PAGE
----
My own personal turning point was when I stopped trying to change myself. I slowly but surely stopped believing that some so-called expert knew more about my own body than my body itself did. I chose to trust that if I stopped trying to change and fight my body, that it would take care of whatever it needed to to get me to a state of optimal health- even if that didn’t look like the image I had in my head of my ideal body. I finally realized that it’s impossible to hate yourself healthy- it’s inherently paradoxical. It was a tough pill for me to swallow that all the years I spent obsessing over every bite of food I put into my body had actually damaged my health severely. The truth was that nothing I had put into my body, even during some of my most epic food binges, had harmed me nearly as much as the toxic thoughts I had been letting take up residence in my mind all of those years. I’ve learned that what I allow into my mind matters even more than what I put into my body.
I had been at war with my body for as long as I can remember.
When I was eight years old, someone I looked up to and loved told me that my body was developing curves way too fast and that I should starve myself to help combat it. She told me that if I didn’t get my curves under control right then, that I would be to blame if grown men lusted after and hurt me. She taught me how to make myself throw up my food that day. A few years later, when my worst fears came true and grown men did, in fact, hurt me, I blamed my body and therefore myself. I was 11 the first time I took diet pills and I remember feeling like my heart was going to beat out of my chest and fly away. I struggled with multiple eating disorders and always at any given time saw myself as either being “good” or “bad.” If I ate something on my bad list, then I figured it made me bad and I would find various ways to punish myself. As my body endured even more trauma over my childhood and teen years, I began to abuse myself in increasingly worse ways. At 17, my body hit a breaking point and I developed two chronic illnesses, PCOS (poly-cystic ovarian syndrome) and endometriosis- and gained over 100 pounds in less than a year.
I had already felt betrayed by my own body, blamed it for the repeated abuse and assault I endured- and now I felt it was betraying me yet again by getting sick and gaining so much weight. I felt more detached from my body than ever. Living in my body felt like being an unwanted stranger in someone else’s home. I hated my body and believed that it hated me too.
My body had been a literal crime scene so many times and I figured nothing about it was worth saving. Other people have destroyed me to the point where it felt natural for me to destroy myself too.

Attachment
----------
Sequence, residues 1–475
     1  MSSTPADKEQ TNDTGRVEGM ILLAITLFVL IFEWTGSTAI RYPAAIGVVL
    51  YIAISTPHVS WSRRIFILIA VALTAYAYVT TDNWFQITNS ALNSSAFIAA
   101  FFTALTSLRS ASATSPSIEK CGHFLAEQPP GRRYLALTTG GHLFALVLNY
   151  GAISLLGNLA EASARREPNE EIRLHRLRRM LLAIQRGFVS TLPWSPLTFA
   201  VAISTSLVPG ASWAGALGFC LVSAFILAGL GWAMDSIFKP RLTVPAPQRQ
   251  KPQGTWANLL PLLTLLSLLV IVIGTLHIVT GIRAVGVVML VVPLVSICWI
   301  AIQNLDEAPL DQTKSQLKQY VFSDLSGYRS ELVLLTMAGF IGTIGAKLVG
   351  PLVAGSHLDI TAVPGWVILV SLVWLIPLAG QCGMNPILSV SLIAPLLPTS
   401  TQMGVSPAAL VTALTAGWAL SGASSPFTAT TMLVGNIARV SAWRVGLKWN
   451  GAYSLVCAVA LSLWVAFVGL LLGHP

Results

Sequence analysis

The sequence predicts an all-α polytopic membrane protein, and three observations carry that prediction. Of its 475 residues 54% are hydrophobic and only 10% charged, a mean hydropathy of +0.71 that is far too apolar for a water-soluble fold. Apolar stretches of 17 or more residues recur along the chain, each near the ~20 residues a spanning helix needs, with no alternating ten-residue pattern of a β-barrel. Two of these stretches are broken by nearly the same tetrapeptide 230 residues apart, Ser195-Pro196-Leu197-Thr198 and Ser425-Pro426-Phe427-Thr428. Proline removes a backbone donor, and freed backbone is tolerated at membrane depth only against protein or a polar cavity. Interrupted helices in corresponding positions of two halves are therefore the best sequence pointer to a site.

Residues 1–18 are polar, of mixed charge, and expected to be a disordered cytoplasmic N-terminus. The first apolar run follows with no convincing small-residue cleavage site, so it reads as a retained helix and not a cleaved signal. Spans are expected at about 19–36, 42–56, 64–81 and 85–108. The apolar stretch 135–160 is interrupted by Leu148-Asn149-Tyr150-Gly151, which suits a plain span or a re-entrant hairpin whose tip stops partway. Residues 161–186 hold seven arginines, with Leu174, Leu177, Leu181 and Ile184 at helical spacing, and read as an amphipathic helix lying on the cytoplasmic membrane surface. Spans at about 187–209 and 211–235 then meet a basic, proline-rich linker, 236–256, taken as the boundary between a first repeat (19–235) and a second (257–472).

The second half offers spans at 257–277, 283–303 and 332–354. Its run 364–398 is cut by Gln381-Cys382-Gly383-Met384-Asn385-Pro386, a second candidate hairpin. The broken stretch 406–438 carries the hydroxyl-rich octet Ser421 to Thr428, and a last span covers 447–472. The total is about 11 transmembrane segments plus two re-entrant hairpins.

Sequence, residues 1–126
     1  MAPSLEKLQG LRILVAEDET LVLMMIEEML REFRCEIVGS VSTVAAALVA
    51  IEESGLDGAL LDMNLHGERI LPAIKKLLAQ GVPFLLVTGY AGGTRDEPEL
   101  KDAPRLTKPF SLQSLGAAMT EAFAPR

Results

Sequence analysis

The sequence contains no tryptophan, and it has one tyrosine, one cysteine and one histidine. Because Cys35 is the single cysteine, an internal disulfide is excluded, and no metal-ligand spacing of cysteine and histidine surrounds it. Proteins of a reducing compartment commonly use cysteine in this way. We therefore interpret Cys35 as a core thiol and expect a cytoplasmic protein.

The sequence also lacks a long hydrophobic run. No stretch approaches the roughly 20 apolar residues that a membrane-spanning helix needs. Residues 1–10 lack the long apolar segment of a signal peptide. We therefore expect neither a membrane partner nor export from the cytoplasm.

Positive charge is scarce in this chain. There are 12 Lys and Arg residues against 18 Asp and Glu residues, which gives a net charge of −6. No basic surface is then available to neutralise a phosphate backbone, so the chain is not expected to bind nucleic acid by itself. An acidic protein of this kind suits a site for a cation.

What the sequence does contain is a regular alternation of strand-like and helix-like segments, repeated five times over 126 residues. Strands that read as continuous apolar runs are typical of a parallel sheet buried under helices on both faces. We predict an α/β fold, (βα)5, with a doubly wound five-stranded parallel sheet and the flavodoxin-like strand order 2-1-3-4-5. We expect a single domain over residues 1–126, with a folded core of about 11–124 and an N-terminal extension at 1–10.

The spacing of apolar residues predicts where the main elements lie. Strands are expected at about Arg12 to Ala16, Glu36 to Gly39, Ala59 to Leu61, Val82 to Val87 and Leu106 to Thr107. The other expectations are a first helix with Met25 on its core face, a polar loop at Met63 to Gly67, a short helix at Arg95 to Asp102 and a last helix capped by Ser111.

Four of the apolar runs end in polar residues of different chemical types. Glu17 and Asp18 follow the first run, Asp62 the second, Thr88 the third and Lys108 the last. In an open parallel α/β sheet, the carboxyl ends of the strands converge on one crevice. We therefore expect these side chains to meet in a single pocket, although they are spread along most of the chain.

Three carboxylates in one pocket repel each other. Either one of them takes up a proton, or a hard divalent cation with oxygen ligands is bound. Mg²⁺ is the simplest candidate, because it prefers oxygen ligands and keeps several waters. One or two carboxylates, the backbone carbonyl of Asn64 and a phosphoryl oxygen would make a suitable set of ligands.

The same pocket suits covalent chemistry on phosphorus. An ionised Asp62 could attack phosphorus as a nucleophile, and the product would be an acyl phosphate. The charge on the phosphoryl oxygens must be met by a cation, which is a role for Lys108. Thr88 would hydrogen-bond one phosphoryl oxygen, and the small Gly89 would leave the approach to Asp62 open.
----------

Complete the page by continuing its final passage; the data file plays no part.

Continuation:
One day, I found myself thinking about this destruction and I had a mental breakthrough in the way I thought about destruction. I am not somebody who believes that destruction is never justified- I have seen far too much evidence of the contrary in my own life. It may be a truth that is difficult for many to digest, particularly those who have lived a life where they never had to defend themselves- but sometimes the only viable path to peace is war. So many of us have spent much of our lives at war with our own bodies. I know I personally spent over half my life exhausting myself by fighting against the wrong enemy. Few things are as destructive as the wars we wage within ourselves, taking on the position of both oppressor and victim, each role knowing us from the inside out and being able to annihilate us that much more as a result. Our minds are the most powerful tool we have. I do not propose that we lay down our weapons altogether. Instead, I propose that we stop using them on ourselves and instead attack the reasons that we want to hurt ourselves. The hurtful things we have internalized and taken to be true are the very things that need to be examined, uprooted and replaced with the truth.
One of the most powerful things I’ve ever learned is how simple it is to distinguish what is true about ourselves from what is false- lies feel bad. The truth feels good. It takes practice to learn to listen to our bodies, but they do speak to us on a daily basis. When I had bad thoughts about myself, such as that I am ugly or unworthy or that my body is unlovable and damaged beyond repair- I would feel physically sick. My head would hurt, I would feel nauseous, my stomach and chest would hurt and I just wanted to escape from my body. I realize now that my body was viscerally rejecting those lies. Those feelings don’t hurt because there is any truth to them- they hurt because we’re trying to force ourselves to internalize what our bodies know to be poison.
On the contrary, when I had good thoughts about myself, it felt like my whole body was smiling. I felt energized and vibrant and present in my own body.
Lies felt bad, and the truth felt good. It was truly that simple, although unlearning everything I had believed about myself and life itself for so long was complex. Emotional detox- exploring and then purging bad feelings sometimes hurts us the same way metamorphosis hurts a caterpillar who is in the throes of becoming a butterfly. I know from personal experience how overwhelming it can feel to try to figure out how to apply things you have read in a way that is useful in your own life. I have fallen into the trap of paralysis by analysis many times myself. I want to help you turn information into action. Here is what I recommend you do right now to start making peace with your body and your relationship with food: